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Income inequality and carbon consumption: evidence from Environmental Engel curves

Sager, Lutz (2019) Income inequality and carbon consumption: evidence from Environmental Engel curves. Energy Economics. ISSN 0140-9883

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Identification Number: 10.1016/j.eneco.2019.104507

Abstract

I investigate the relationship between income inequality and the carbon dioxide (CO2) content of consumption. I quantify the CO2 content of household expenditure using input-output analysis and estimate Environmental Engel curves (EECs) which describe the income–emissions relationship. Using EECs for the United States between 1996 and 2009, I decompose the change in CO2 over time and the distribution of emissions across households. In both cases, income is an important driver of household carbon. Finally, I describe a potential “equity-pollution dilemma”—progressive income redistribution may raise the demand for aggregate greenhouse gas emissions. I estimate that transfers raise emissions by 5.1% at the margin and by 2.3% under complete redistribution.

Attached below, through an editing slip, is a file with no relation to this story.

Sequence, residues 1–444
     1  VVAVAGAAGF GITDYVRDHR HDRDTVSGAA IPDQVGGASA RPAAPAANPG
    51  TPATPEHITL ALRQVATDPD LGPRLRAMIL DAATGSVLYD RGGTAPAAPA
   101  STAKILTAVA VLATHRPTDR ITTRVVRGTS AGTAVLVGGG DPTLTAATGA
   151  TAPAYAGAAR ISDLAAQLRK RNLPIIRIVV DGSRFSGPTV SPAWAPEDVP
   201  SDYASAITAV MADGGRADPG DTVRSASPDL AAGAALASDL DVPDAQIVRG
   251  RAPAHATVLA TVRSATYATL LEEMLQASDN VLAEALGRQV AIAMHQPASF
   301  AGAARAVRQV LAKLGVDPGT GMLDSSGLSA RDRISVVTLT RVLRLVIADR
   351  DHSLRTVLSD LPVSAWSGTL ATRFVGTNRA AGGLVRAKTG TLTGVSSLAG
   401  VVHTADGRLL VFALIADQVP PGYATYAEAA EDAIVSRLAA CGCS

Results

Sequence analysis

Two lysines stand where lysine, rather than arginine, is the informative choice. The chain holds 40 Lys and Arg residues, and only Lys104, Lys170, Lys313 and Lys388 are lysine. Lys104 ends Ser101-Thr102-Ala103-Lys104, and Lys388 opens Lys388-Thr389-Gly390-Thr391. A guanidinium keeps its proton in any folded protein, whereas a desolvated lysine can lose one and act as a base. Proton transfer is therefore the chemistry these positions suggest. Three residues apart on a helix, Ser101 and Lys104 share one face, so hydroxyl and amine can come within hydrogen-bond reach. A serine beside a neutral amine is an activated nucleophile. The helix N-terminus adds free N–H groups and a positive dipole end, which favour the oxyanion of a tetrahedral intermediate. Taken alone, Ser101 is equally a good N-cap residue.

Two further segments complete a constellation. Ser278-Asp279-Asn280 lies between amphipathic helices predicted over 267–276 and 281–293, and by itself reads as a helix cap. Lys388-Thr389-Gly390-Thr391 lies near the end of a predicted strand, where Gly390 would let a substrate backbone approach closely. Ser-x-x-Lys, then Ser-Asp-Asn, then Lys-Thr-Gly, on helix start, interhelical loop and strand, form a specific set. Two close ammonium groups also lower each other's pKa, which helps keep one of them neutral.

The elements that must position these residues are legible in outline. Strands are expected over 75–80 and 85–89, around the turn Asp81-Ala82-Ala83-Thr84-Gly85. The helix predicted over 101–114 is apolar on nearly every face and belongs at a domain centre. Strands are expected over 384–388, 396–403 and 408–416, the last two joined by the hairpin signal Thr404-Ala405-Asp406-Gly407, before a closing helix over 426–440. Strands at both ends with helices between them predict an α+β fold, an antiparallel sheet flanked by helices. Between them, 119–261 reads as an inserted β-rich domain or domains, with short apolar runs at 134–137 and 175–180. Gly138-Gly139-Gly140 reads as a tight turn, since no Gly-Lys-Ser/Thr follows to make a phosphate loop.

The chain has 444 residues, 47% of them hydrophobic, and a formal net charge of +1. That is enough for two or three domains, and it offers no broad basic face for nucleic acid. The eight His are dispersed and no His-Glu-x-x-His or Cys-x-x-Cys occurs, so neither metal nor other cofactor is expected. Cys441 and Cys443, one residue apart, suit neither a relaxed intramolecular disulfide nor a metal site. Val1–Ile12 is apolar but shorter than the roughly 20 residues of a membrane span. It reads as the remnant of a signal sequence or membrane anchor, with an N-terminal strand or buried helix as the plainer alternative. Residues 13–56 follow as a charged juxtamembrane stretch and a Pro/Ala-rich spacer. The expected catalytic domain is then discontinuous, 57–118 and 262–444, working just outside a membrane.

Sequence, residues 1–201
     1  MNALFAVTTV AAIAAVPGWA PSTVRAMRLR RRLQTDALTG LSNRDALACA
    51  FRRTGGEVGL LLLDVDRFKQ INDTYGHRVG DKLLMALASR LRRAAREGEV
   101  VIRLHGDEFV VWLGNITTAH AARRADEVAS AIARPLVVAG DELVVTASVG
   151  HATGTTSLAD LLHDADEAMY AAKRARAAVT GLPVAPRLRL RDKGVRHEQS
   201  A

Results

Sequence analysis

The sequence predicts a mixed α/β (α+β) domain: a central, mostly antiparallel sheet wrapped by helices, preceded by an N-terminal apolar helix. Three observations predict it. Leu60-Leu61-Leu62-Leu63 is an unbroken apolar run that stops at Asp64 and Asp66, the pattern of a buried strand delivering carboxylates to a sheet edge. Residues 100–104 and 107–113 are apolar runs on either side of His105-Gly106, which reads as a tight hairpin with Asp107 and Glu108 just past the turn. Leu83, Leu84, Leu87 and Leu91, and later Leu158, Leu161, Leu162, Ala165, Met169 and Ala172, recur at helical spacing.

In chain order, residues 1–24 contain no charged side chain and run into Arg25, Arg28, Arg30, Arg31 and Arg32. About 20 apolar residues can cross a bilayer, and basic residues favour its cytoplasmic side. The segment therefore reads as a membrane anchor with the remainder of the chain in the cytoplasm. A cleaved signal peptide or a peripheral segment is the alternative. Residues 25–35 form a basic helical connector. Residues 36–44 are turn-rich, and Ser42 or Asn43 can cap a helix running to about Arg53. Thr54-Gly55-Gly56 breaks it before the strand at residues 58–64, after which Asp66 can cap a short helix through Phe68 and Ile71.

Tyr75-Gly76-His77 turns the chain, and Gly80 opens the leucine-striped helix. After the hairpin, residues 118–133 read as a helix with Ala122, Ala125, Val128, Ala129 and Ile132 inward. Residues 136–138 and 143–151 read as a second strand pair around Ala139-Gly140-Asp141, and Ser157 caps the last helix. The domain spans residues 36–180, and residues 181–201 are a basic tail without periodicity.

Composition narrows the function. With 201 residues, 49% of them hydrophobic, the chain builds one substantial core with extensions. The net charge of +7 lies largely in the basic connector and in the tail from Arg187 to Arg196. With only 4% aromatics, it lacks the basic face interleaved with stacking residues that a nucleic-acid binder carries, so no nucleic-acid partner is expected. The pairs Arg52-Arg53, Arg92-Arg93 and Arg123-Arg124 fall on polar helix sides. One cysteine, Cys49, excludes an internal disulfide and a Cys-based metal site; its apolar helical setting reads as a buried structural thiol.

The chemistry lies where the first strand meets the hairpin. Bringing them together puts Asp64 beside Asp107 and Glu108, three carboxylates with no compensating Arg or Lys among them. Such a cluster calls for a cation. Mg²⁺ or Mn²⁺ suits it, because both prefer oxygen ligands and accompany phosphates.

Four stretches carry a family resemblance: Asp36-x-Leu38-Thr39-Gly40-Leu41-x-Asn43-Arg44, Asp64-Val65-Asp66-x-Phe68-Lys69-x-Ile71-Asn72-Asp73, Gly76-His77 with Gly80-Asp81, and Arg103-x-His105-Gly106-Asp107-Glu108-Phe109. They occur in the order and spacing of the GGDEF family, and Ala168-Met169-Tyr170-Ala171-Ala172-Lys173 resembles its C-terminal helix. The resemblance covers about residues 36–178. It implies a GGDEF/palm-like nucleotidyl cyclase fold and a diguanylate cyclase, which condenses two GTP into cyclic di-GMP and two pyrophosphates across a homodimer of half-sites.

Item Type: Article
Official URL: https://www.sciencedirect.com/journal/energy-econo...
Additional Information: © 2019 Elsevier B.V.
Divisions: Methodology
Geography & Environment
JEL classification: D - Microeconomics > D1 - Household Behavior and Family Economics > D12 - Consumer Economics: Empirical Analysis
D - Microeconomics > D3 - Distribution > D31 - Personal Income, Wealth, and Their Distributions
H - Public Economics > H2 - Taxation, Subsidies, and Revenue > H23 - Externalities; Redistributive Effects; Environmental Taxes and Subsidies
Q - Agricultural and Natural Resource Economics; Environmental and Ecological Economics > Q4 - Energy > Q40 - General
Q - Agricultural and Natural Resource Economics; Environmental and Ecological Economics > Q5 - Environmental Economics > Q52 - Pollution Control Costs; Distributional Effects; Employment Effects
Date Deposited: 18 Nov 2019 15:21
Last Modified: 06 Dec 2019 00:19
URI: http://eprints.lse.ac.uk/id/eprint/102561

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